As for cheeses, you can enjoy the famous Saint-Marcellin du Vercors from Mère Richard or La cervelle de Canut made from faisselle and fresh cream finely seasoned with chives and shallots. Sweet tooth are not left out! Here, the pink praline is phenomenal! Head to the unmissable Chocolatier Voisin to taste the pralines and Coussins de Lyon (chocolate ganache on marzipan). At Pralus, you can taste the Pralulines, these delicious brioches with pink pralines that both young and old love.

For a taste of Lyon's menu, head to the Halles Paul Bocuse wwhich brings together 56 traders and craftsmen from the food industry. The best of Lyon's gastronomy, all in one place! Two other "food courts" are worth a visit: Food Traboule, in Vieux Lyon, and the Food Society, in the Part-Dieu shopping centre. Enjoy your meal!

A few gourmet addresses :
Brasseries Paul Bocuse (External link)
Brasserie Georges (External link) , for sauerkraut and Norwegian omelettes.
Chocolats Voisin (External link)
Pralus (External link)
Halles Paul Bocuse (External link)
Dénicher un bouchon lyonnais (External link)

Visit the city

Visiting Lyon in a few hours or a few days is like wandering through an open-air museum on a human scale while travelling through 2000 years of history. You start by climbing the Fourvière hill, to admire the spectacular and panoramic view over the city and enter this great 19th century basilica before going back in time to the Lugdunum museum, housing the Roman theatres. On the way back down, we wander through the cobbled streets of Vieux Lyon (External link) , a Renaissance district listed as a Unesco World Heritage Site, discovering the traboules, in the footsteps of the Canuts. You can then explore the collections of the Musée des Beaux-Arts, observe the deconstructivist architecture of the Musée des Confluences and discover the history of the Lumière brothers, inventors of cinema, at the Institut Lumière. For the shopping itinerary, it is around Place Bellecour, the largest pedestrian square in Europe, that you should go before going up from square to square until the Opera signed by Jean Nouvel. On the way, push the door of the Grand Hôtel-Dieu, a haven of peace in the heart of the city. Not yet satisfied? Why not stroll through the rose garden in the Parc de la Tête d'Or (the golden head park), have a drink on the slopes of the Croix-Rousse, dance in one of the barges on the banks of the Rhône or cross a footbridge over the Saône at sunrise?

Explore the surroundings

A popular destination for the people of Lyon, the town of Annecy, the well-named Venice of the Alps, and its lake with its translucent waters, is ideal for sporting activities in the off-season, a breath of fresh air in just 2 hours by train. Closer to Lyon, one can be tempted by visits to the vineyards! The Tourist Office offers many ideas for turnkey escapades to discover the vineyards of Beaujolais or the Côtes du Rhône. Beautiful stones, cheeses and architecture and for a day, you can escape to Tain-L'Hermitage, in the Rhône Valley: walk through the terraced vineyards planted on hills overlooking the Rhône, discover the Chapoutier cellar before exploring the Cité du Chocolat Valrhona. In a few minutes by bike, you can cross the river to discover Tournon-sur-Rhône, the Ardèche twin of Tain-L'Hermitage, its pretty castle and its cobbled streets.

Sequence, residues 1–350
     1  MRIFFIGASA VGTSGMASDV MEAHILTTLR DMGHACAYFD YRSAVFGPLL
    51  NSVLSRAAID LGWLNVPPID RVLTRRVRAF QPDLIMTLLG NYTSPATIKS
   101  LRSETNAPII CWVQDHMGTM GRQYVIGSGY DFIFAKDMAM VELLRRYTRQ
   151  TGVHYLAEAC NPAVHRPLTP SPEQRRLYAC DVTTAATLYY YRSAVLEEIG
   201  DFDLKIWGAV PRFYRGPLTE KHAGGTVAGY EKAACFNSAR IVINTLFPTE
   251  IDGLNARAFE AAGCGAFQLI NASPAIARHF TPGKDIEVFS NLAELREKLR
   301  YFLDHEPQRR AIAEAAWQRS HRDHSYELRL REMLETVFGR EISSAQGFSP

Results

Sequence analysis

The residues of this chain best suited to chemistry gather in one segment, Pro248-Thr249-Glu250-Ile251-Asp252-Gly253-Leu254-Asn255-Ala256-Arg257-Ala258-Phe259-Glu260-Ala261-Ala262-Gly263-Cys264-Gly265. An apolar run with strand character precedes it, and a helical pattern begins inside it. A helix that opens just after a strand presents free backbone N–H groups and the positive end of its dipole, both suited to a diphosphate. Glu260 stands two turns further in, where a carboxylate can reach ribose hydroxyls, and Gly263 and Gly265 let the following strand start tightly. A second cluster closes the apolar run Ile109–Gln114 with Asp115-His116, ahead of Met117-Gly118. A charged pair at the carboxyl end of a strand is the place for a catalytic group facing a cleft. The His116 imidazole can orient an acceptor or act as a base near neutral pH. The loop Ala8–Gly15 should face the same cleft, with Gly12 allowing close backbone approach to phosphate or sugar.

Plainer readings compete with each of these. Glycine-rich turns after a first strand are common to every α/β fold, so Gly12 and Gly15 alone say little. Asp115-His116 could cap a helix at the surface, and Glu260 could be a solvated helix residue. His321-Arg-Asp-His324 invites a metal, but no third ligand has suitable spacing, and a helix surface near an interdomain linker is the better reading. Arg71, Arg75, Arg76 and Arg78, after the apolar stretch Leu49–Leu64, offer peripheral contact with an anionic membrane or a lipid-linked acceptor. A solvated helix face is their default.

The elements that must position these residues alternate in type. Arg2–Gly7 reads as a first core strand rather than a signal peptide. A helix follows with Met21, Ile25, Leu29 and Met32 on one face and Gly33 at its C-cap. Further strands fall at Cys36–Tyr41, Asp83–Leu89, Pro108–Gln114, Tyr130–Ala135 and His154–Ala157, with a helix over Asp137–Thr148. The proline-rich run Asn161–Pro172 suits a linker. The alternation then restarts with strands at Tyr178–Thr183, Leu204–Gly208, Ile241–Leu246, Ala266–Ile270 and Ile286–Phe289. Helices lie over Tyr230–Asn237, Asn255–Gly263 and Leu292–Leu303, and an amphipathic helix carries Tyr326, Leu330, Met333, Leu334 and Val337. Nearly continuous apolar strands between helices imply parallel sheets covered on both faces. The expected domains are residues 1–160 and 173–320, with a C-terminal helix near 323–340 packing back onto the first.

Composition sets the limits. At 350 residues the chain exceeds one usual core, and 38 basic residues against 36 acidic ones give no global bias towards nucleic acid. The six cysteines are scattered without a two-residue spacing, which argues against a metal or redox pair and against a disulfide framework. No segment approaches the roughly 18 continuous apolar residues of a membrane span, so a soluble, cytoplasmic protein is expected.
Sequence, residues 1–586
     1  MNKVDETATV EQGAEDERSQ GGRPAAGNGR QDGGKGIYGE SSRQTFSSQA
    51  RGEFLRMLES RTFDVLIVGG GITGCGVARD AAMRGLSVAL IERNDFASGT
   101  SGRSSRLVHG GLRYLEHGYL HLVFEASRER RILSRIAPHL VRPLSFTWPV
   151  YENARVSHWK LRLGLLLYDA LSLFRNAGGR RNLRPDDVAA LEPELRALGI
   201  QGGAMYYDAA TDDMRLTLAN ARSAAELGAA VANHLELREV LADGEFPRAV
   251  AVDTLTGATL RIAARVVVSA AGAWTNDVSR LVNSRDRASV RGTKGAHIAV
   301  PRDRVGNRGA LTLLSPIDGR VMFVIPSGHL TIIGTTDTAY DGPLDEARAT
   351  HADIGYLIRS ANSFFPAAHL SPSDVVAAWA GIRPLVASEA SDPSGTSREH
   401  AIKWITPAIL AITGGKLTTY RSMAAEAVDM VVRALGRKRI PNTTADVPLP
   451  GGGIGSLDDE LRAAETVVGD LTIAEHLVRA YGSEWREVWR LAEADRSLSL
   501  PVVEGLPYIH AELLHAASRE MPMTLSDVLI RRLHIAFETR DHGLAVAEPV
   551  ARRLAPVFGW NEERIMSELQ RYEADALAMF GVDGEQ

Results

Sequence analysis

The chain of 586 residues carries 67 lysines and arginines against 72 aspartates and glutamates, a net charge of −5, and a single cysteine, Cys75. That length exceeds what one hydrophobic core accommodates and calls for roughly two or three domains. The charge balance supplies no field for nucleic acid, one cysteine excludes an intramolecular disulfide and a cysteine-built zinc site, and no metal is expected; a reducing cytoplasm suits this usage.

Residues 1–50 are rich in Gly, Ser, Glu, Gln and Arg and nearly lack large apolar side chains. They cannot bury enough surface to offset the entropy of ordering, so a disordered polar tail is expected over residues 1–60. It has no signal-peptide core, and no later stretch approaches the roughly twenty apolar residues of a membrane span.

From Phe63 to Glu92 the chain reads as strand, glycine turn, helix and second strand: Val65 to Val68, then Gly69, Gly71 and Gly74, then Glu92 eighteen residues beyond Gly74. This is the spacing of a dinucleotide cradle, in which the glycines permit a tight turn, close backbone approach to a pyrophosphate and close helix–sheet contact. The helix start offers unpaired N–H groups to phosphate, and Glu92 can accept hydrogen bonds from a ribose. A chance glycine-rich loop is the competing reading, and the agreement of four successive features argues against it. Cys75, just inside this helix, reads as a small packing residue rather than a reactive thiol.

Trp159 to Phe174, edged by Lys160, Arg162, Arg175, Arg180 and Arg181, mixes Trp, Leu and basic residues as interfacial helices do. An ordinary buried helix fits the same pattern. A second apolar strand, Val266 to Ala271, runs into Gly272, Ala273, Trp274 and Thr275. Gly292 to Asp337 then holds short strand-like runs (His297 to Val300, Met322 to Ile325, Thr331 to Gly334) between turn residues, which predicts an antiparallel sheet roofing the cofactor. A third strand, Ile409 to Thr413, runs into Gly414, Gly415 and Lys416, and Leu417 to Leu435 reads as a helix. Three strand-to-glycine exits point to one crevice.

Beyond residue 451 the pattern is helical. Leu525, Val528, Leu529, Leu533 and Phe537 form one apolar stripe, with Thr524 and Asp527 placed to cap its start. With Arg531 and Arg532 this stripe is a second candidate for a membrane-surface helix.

Escape to Annecy, in the Alps (External link)
Walking in the vineyards around Lyon (External link)
Explore the Beaujolais (External link)
Awaken your senses in the Rhone Valley (External link)
Visit the Valrhona Chocolate City (External link)

Finding a place

For those who wish to stay as close to the stadium as possible, don't hesitate to choose the 4* Kopster Hotel with its 140 rooms, located in the leisure centre OL Vallée, at the foot of the OL Stadium. Around fifteen restaurants and numerous activities complete the complex to keep the family or friends busy before kick-off. You can go bowling, have a go at an Escape Game, visit a street art gallery or the football club museum. It's quite a programme!
If you miss the city lights, opt for a timeless interlude at the Intercontinental Lyon Hôtel Dieu, a place steeped in history that combines architectural beauty, contemporary design and gastronomic encounters.

Stay at the Kopster Hotel, in the OL Vallée (External link)
Stay at the Intercontinental Lyon Hôtel Dieu (External link)

Getting to Lyon